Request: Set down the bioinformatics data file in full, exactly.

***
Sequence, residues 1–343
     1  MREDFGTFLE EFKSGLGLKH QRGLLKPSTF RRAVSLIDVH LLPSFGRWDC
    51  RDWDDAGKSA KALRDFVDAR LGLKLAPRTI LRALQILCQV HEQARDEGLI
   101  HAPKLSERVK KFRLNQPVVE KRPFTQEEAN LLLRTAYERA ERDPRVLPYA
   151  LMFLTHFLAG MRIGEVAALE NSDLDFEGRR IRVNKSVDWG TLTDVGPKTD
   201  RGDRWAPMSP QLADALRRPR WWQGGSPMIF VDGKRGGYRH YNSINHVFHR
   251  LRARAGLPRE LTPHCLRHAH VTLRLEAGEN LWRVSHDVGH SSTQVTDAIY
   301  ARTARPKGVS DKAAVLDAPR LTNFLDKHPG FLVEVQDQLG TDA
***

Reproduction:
Sequence, residues 1–343
     1  MREDFGTFLE EFKSGLGLKH QRGLLKPSTF RRAVSLIDVH LLPSFGRWDC
    51  RDWDDAGKSA KALRDFVDAR LGLKLAPRTI LRALQILCQV HEQARDEGLI
   101  HAPKLSERVK KFRLNQPVVE KRPFTQEEAN LLLRTAYERA ERDPRVLPYA
   151  LMFLTHFLAG MRIGEVAALE NSDLDFEGRR IRVNKSVDWG TLTDVGPKTD
   201  RGDRWAPMSP QLADALRRPR WWQGGSPMIF VDGKRGGYRH YNSINHVFHR
   251  LRARAGLPRE LTPHCLRHAH VTLRLEAGEN LWRVSHDVGH SSTQVTDAIY
   301  ARTARPKGVS DKAAVLDAPR LTNFLDKHPG FLVEVQDQLG TDA